Monitoring Mangrove Forest Dynamics in Campeche, Mexico Using Landsat Satellite Data


Michael K. Steinberg 




Cissell, J.R., A.M. Delgado, B.M. Sweetman, and M.K. Steinberg. 2018. Monitoring mangrove forest dynamics in Campeche, Mexico, using landsat satellite data. Remote Sensing Applications: Society and Environment 9: 60-68.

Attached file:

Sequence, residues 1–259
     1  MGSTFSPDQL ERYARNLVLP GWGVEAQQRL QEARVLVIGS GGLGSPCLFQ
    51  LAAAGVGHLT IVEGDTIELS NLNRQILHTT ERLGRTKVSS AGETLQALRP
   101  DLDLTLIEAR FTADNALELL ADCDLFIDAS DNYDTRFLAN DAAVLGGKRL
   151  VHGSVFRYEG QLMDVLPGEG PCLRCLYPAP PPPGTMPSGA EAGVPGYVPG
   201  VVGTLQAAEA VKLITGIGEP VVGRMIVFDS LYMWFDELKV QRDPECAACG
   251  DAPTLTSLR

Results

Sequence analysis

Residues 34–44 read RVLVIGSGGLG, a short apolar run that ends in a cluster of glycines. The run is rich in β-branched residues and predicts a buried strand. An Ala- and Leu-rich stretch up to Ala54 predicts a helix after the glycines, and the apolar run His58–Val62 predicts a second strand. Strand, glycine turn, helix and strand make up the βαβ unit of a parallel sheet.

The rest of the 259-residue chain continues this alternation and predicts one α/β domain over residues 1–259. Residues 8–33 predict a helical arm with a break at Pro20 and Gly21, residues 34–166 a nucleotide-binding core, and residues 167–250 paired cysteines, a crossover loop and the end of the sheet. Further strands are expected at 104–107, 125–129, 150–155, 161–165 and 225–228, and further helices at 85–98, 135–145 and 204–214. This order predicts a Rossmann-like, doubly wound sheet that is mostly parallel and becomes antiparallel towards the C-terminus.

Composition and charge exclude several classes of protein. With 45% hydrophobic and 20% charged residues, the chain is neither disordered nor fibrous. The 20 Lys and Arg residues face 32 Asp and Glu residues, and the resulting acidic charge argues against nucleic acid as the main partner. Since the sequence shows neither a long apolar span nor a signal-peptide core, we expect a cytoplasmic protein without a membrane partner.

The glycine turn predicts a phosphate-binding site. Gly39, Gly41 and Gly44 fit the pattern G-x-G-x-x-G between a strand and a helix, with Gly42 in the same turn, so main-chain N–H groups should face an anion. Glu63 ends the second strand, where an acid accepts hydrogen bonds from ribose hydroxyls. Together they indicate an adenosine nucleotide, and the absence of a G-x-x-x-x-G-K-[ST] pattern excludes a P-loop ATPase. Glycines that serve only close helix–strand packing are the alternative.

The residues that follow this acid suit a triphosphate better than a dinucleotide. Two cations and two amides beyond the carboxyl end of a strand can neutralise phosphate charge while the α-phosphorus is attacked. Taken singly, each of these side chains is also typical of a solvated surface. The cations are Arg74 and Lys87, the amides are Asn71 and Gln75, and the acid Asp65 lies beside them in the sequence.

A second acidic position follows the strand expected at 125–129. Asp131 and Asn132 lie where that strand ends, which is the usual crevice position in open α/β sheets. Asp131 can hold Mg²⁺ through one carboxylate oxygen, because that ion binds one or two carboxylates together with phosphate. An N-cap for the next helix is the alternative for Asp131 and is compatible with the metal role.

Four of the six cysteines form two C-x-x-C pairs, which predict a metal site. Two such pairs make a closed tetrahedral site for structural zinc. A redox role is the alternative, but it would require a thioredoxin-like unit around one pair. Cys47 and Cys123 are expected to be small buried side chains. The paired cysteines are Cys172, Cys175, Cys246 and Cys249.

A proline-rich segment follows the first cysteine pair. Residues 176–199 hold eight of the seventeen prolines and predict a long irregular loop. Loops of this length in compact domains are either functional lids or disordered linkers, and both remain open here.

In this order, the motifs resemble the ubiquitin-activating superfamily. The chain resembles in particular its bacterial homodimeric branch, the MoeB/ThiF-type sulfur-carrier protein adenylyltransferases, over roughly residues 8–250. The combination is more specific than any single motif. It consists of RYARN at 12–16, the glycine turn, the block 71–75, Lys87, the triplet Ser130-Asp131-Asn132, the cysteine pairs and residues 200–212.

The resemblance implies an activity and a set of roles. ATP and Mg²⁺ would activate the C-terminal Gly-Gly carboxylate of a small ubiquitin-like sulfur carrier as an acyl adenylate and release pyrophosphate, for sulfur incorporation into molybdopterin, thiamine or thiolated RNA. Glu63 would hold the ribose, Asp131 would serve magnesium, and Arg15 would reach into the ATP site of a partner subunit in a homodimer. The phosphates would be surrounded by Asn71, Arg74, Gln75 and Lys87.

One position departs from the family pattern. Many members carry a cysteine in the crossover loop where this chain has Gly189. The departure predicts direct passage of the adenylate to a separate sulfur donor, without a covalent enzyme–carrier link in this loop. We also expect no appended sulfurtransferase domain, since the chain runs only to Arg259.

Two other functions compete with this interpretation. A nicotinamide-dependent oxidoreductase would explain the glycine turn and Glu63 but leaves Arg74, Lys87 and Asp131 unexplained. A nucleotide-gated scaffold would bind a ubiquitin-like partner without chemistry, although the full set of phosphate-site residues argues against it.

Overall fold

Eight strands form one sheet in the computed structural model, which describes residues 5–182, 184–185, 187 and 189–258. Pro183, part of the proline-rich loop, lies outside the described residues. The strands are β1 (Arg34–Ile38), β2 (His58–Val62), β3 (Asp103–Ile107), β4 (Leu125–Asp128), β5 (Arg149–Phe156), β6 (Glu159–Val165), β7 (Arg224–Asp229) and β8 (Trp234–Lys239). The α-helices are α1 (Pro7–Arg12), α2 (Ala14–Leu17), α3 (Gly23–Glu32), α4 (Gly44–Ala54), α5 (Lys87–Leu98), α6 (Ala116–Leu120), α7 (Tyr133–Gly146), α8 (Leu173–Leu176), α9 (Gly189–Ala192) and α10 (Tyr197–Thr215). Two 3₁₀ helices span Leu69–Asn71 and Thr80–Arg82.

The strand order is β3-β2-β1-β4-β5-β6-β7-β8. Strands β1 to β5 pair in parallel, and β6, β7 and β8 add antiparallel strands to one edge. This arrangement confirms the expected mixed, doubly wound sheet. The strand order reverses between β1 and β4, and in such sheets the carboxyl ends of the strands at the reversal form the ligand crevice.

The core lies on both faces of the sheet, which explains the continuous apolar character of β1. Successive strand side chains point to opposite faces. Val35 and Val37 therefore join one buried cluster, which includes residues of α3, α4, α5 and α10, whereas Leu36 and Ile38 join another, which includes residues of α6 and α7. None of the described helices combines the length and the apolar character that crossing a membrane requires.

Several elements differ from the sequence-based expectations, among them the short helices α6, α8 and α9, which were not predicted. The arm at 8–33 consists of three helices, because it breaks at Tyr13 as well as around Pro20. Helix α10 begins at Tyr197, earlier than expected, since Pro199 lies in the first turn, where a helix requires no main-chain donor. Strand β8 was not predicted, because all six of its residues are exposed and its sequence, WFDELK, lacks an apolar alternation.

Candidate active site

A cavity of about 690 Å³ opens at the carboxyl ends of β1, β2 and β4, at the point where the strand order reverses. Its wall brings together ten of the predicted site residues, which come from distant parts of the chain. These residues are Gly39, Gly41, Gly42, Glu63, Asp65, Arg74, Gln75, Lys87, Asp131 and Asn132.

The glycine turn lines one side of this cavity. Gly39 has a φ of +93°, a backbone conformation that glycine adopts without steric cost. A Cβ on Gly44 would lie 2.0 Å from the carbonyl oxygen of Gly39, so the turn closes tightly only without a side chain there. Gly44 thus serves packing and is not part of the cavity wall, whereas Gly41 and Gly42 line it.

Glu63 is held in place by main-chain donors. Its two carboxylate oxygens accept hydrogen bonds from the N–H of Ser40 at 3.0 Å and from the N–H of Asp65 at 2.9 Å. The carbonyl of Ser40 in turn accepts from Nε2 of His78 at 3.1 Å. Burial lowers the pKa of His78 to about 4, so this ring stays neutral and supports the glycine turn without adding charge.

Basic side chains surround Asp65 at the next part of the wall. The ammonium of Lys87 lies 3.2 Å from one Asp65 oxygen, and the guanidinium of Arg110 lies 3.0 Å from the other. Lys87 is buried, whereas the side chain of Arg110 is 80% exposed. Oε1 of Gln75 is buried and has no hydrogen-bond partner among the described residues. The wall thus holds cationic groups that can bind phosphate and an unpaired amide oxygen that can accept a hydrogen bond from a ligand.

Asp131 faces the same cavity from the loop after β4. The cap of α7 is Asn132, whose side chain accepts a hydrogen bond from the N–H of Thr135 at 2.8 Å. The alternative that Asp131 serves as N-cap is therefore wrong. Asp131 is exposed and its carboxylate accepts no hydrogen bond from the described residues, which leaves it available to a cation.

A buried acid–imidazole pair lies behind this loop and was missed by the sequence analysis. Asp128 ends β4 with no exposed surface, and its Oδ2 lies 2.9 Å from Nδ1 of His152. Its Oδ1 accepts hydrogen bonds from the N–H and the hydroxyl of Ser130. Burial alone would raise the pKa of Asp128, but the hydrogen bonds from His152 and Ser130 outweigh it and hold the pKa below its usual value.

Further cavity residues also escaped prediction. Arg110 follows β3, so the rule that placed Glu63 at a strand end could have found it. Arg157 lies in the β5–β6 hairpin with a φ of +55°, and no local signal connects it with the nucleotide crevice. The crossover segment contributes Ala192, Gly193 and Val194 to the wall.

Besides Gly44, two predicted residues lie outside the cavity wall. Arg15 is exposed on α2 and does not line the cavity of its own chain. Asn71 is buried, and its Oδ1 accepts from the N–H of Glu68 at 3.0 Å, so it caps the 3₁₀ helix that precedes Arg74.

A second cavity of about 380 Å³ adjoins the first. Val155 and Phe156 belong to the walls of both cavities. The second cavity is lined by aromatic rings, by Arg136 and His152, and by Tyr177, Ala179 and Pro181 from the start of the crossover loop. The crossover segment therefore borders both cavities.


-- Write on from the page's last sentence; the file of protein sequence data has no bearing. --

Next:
The mangrove forests of Campeche, Mexico, are important facets of the regional ecology and economy. In addition to supporting commercially fished populations of pink shrimp (Farfantepenaeus duorarum), white shrimp (Litopenaeus satiferus), and octopus (Octopus spp.), the area’s coastal mangroves and associated seagrass flats provide crucial habitat for juvenile tarpon (Megalops atlanticus), for which Campeche is a burgeoning destination for catch-and-release sport fishing. Mexico’s total mangrove area has decreased by more than 20% throughout the past two decades, but no previous study has specifically mapped mangrove change dynamics in Campeche. To address this gap in the literature, this study used unsupervised classification of Landsat satellite data from 1999 and 2016 to map and quantify mangrove forest cover changes along Campeche’s coast and worked with local fishing guides to identify regional drivers of mangrove degradation. Results demonstrated a 14.10% decrease in mangrove area and a 19.09% increase in Campeche city’s urban extent during the study period. Mangrove decline was concentrated in coastal fringes, with local informants indicating that much of the degradation resulted from localized alteration of mangrove channels’ water flows due to road construction projects, as well as increased indirect pressures from Campeche’s expanding population. Importantly, these results indicate that although Campeche’s coastal mangrove corridor is protected as a UNESCO Biosphere Reserve, its close proximity to the large and growing urban center of Campeche city makes it vulnerable to direct and indirect drivers of mangrove degradation. Future updates to this study’s results will be essential to monitoring Campeche’s mangroves’ ongoing responses to the dueling influences of increased anthropogenic pressures and localized mangrove restoration initiatives.